Monday, February 21, 2005

Social Security: The Permanent Solution

Many, many posts ago I promised to unveil my plan for fixing Social Security. I have duly kept up with the continuing debate about Social Security "privatization," which is hardly what the President's plan envisions. (There's a selected bibliography at the bottom of this post.) Having weighed it all, I am reinforced in my belief that the only way out of the Social Security "mess" is to phase out Social Security.

Why? As a bleeding-heart libertarian who wants the best for others as well as for himself, and who understands that economics is a positive-sum game, I say this: The best way to incentivize people to work hard, to acquire new and higher-paying skills, and to stay sober is to allow them take responsibility for their old age. Put them on notice (reasonable notice, of course) that they are responsible for themselves; unless they can count on family, friends, or private charity to see themselves through old age, they should consume less, save more, and invest wisely.

What's the worst that can happen? Some form of public assistance would be demanded for the truly needy (and for their fellow travelers, the lazy and the imprudent), and by those who simply bleed envy or pity at the thought of "excessive" income inequality. But the accompanying tax burden would be much smaller than the burden that now hangs over future taxpayers if we try to redeem anything resembling the "promises" implicit in the present Social Security scheme. Moreover, the demise of Social Security would give added impetus to the coming economic boom (see here and here), as the higher rate of personal saving necessitated by the phase-out of Social Security would finance additional investments in productivity-enhancing growth. Lower taxes and a more robust economy would also foster a resurgence of private charity, in aid of the truly needy (if not the lazy and imprudent).

Here's my plan:

1. Abolish Social Security payroll taxes as of a date certain (Abolition Day).

2. Pay normal benefits (those implicitly promised under the present system) to persons who are then collecting Social Security and to all other qualifying persons who have then reached the age of 62.

3. Persons who are 55 to 61 years old would receive normal benefits, pro-rated according to their contributions as of Abolition Day.

4. The retirement age for full benefits would be raised for all persons who are younger than 55 as of Abolition Day. The full retirement age is now scheduled to rise to 67 in 2027; it should rise to 73 by, say, 2020. Moreover, partial benefits would no longer be available to persons between the age of 62 and full-retirement age.

4. Persons who are 45 to 54 years old also would receive pro-rata benefits based on their contributions as of Abolition Day. But their initial benefits would be reduced on a sliding scale, so that the benefits of those persons who are 45 as of Abolition Day would be linked entirely to the CPI rather than the wage index.

5. Persons who are younger than 45 would receive a lump-sum repayment of their contributions (plus accrued interest) at full retirement age, in lieu of future benefits. That payment would automatically go to a surviving spouse or next-of-kin if the recipient dies intestate. Otherwise, the recipient could bequeath, transfer, or sell his interest in the payment at any time before it comes due.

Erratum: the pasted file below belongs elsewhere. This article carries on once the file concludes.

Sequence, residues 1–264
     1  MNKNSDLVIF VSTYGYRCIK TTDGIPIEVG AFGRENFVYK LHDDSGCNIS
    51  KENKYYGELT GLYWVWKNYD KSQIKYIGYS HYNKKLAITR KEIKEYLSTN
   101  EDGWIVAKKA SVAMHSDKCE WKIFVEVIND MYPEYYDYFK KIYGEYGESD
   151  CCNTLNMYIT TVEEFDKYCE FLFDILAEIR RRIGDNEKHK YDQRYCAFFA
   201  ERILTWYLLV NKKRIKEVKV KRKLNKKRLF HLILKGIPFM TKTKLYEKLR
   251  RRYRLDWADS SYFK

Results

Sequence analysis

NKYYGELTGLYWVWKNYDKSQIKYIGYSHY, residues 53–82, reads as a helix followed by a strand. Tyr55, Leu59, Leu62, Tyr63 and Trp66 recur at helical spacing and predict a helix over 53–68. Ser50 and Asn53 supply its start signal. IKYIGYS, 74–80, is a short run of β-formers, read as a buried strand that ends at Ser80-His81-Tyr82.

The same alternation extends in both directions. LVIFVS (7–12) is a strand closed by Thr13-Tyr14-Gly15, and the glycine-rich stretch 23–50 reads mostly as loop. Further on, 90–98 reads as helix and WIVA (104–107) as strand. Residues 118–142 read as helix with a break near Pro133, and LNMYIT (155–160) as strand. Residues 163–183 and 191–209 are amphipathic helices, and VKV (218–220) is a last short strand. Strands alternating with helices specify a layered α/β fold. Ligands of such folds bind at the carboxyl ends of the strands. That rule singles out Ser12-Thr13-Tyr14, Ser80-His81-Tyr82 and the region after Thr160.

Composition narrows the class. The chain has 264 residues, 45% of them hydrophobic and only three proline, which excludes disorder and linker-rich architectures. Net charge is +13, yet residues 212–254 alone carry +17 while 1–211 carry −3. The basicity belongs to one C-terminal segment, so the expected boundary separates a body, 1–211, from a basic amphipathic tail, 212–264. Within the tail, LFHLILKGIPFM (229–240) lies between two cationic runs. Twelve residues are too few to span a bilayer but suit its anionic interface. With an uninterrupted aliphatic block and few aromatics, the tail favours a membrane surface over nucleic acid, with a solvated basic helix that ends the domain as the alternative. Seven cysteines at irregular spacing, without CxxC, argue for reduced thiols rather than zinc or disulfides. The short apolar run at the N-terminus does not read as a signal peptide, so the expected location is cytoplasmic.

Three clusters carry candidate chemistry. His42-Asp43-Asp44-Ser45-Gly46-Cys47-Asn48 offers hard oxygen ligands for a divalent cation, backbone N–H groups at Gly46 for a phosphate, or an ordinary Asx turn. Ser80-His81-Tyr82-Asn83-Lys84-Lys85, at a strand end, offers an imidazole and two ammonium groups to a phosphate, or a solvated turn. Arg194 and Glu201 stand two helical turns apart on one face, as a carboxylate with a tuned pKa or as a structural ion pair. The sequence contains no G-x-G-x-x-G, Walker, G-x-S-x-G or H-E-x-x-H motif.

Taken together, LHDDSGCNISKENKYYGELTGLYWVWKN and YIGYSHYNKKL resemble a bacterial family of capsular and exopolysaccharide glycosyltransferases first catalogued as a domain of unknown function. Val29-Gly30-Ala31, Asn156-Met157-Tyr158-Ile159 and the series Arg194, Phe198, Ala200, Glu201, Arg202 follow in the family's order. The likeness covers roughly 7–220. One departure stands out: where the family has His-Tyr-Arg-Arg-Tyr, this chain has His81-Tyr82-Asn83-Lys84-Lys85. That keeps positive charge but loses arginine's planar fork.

6. The residual obligations outlined in points 2-5 would be funded by a payroll tax, which would diminish as those obligations are paid off.

Repeat, with appropriate variations, for Medicare and Medicaid.


The Official State of Social Security
2004 OASDI Trustees Report: Contents
2004 OASDI Trustees Report: Conclusion
The looming deficit problem: Table VI.F8.--Operations of the Combined OASI and DI Trust Funds, in Constant 2004 Dollars, Calendar Years 2004-80
The underlying causes: Shrinking worker-retiree ratio, increasing longevity, and wage indexing

Some Alternative Solutions to the Problem
General Accounting Office
Brookings Institution
Cato Institute
Laurence J. Kotlikoff

Analytical Perspectives of Other Bloggers
Arnold Kling: Fighting Murphy (also known as "A Social Security Policy Primer")
Alex Tabarrok: The Microeconomics of Social Security Privatization
Tyler Cowen: Should We Privatize Social Security?
Arnold Kling: The Cost of Privatization
Will Wilkinson: How Much Does SS Screw You?
Alex Tabarrok: Prescott on Social Security Reform
Tyler Cowen: Social Security and Our Future
Tyler Cowen: Freezing Social Security Benefits
For much more, browse this list of articles by Arnold Kling, many of which are about Social Security.

My Posts on Social Security and Related Issues
Social Security Is Unconstitutional
Why It Makes Sense to Privatize Social Security
P.S. on Privatizing Social Security
Fear of the Free Market -- Part III
Social Injustice
Let's Just Say He's a Bit Evasive
A Good Reason to Favor the "Ownership Society"
That Mythical, Magical Social Security Trust Fund
The Real Social Security Issue
Social Security -- Myth and Reality
Nonsense and Sense about Social Security
More about Social Security
Social Security Privatization and the Stock Market
Oh, That Mythical Trust Fund!
Understanding Economic Growth
The Problem with Voluntary Personal Accounts